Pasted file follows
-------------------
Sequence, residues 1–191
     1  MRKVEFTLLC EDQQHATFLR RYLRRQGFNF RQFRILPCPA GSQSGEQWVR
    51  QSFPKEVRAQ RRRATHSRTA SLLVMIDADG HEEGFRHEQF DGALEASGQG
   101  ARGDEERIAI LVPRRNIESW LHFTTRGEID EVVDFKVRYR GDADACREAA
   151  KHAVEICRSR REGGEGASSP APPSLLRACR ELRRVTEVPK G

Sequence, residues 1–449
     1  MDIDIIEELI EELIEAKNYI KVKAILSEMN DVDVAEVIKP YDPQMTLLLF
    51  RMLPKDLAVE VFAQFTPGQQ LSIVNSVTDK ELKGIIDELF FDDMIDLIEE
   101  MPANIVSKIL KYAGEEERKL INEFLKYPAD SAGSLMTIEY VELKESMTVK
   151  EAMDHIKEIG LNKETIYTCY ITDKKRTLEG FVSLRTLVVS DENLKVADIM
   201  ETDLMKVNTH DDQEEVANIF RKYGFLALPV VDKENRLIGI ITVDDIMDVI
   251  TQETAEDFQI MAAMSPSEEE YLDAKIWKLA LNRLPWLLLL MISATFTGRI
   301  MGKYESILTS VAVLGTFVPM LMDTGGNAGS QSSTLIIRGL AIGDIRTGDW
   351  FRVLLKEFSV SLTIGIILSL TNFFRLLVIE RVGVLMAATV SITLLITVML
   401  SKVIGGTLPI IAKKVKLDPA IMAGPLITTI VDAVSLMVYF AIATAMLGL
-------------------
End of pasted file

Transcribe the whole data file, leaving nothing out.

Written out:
Sequence, residues 1–191
     1  MRKVEFTLLC EDQQHATFLR RYLRRQGFNF RQFRILPCPA GSQSGEQWVR
    51  QSFPKEVRAQ RRRATHSRTA SLLVMIDADG HEEGFRHEQF DGALEASGQG
   101  ARGDEERIAI LVPRRNIESW LHFTTRGEID EVVDFKVRYR GDADACREAA
   151  KHAVEICRSR REGGEGASSP APPSLLRACR ELRRVTEVPK G

Sequence, residues 1–449
     1  MDIDIIEELI EELIEAKNYI KVKAILSEMN DVDVAEVIKP YDPQMTLLLF
    51  RMLPKDLAVE VFAQFTPGQQ LSIVNSVTDK ELKGIIDELF FDDMIDLIEE
   101  MPANIVSKIL KYAGEEERKL INEFLKYPAD SAGSLMTIEY VELKESMTVK
   151  EAMDHIKEIG LNKETIYTCY ITDKKRTLEG FVSLRTLVVS DENLKVADIM
   201  ETDLMKVNTH DDQEEVANIF RKYGFLALPV VDKENRLIGI ITVDDIMDVI
   251  TQETAEDFQI MAAMSPSEEE YLDAKIWKLA LNRLPWLLLL MISATFTGRI
   301  MGKYESILTS VAVLGTFVPM LMDTGGNAGS QSSTLIIRGL AIGDIRTGDW
   351  FRVLLKEFSV SLTIGIILSL TNFFRLLVIE RVGVLMAATV SITLLITVML
   401  SKVIGGTLPI IAKKVKLDPA IMAGPLITTI VDAVSLMVYF AIATAMLGL